Mark Todd, VIC

In response to Ericís comment, I wish to defend the 280ZX. As the owner of an Australian delivered 1982 manual series II 280ZX for 23 years and more recently an Australian delivered 1992 300ZX, Iíve noticed the 280ZX gets far more favourable response than the 300ZX. Maybe itís the rarity of seeing a 280ZX on the road these days, or thatís itís a decent example, but it does tend to get the thumbs up.

Thereís no doubting the lovely lines of the 240Z but I thought it rather harsh to call the 2+2 an ďugly ducklingĒ. Admittedly, I prefer the profile of the 280ZX 2 seater however Nissan Australia, in their infinite wisdom, never imported the 2 seater 280ZX or the Turbo variant, same goes for the Z32 300ZX.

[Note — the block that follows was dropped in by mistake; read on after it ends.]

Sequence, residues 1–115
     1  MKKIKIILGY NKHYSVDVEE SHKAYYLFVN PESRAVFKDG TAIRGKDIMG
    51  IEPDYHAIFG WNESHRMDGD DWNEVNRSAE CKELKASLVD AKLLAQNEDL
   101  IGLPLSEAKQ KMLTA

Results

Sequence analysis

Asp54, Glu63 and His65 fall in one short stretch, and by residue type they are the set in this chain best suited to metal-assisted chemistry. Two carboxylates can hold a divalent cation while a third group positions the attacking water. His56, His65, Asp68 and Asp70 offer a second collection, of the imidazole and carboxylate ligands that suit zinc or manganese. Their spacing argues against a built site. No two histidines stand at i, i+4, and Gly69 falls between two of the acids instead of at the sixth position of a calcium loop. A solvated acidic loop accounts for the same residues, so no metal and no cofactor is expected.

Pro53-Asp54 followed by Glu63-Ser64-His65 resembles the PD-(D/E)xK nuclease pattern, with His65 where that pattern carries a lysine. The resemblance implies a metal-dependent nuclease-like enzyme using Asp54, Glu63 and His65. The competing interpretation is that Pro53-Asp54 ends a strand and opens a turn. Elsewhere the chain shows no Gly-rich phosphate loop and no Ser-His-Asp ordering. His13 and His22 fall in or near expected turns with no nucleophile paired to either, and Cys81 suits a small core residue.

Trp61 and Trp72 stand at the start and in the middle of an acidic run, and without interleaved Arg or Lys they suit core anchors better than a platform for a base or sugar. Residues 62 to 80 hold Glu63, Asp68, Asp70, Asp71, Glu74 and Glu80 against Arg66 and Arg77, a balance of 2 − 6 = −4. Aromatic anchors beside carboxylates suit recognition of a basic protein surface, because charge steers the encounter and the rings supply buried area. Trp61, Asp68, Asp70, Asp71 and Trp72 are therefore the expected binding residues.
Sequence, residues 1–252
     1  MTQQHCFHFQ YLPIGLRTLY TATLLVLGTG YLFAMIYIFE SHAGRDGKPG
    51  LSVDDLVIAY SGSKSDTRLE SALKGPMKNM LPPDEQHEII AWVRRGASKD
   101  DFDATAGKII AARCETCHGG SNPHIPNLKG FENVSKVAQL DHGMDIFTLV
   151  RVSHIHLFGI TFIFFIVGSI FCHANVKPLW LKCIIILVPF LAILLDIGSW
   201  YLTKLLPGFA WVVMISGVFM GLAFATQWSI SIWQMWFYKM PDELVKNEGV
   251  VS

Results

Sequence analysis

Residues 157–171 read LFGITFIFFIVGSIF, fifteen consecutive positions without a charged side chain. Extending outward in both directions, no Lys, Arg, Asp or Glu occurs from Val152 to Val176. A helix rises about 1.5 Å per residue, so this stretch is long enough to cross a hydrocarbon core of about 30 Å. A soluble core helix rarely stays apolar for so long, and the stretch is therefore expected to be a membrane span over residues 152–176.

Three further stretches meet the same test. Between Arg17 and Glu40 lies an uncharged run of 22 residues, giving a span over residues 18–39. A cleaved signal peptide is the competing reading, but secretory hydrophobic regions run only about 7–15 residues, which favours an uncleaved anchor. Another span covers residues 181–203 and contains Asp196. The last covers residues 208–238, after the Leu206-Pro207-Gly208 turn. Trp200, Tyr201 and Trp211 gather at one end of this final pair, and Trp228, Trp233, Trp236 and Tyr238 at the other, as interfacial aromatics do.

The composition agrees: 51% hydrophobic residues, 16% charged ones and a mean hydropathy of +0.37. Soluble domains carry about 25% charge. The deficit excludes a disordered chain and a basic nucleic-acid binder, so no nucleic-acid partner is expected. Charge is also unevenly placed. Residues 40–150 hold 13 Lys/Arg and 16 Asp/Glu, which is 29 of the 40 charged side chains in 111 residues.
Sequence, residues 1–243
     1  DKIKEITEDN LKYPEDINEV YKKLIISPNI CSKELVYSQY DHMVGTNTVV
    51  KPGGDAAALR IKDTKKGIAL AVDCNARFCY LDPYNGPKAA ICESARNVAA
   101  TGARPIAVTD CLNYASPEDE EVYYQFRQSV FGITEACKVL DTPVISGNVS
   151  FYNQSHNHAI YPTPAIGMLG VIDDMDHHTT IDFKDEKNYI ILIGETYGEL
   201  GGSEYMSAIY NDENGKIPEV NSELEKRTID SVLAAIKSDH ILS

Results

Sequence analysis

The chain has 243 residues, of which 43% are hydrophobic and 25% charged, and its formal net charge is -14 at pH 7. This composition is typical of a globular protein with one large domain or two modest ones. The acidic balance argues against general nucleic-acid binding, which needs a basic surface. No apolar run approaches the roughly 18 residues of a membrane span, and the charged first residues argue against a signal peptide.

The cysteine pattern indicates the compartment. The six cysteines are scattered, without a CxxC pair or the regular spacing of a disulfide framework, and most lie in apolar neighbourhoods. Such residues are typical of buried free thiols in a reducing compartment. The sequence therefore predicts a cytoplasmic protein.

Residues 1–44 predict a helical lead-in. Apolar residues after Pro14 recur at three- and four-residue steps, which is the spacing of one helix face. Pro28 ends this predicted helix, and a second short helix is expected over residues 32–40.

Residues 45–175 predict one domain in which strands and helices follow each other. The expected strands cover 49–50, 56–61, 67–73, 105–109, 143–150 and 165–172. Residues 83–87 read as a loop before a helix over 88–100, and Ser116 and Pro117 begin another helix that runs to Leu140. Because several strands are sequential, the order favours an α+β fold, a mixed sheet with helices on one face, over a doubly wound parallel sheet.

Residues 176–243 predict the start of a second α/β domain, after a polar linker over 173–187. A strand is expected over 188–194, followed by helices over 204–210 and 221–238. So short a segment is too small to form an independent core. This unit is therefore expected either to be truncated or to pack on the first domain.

No shortage of turbo two- seater 300ZXs now, thanks to grey imports, but I know of only three 2 seater RHD 280ZXs in Australia and all are heavily modified.

For me, Nissan hit the mark when it came to designing a GT for the 1980s which was their intention and for someone well over 6í tall itís a very comfortable ride. Stats alone prove the models popularity and appeal. Worldwide, Nissan sold 421,922 280ZXs in five years (average 84,000 per year sales), compared to 531,601 Zs over eight years (average 66,000 per year sales). As for my 300ZX I also love the looks and ride, itís a very different car as youíd expect and Iíd offer it to you for the retrospective, but itís an auto and Iím sure youíd prefer a stick shift example.

Finally, Hollywood heart throb, actor and professional racing driver Paul Newman successfully raced the 280ZX, winning the C Production Class SCCA National Championship. Handsome actor with a good looking carÖ no argument.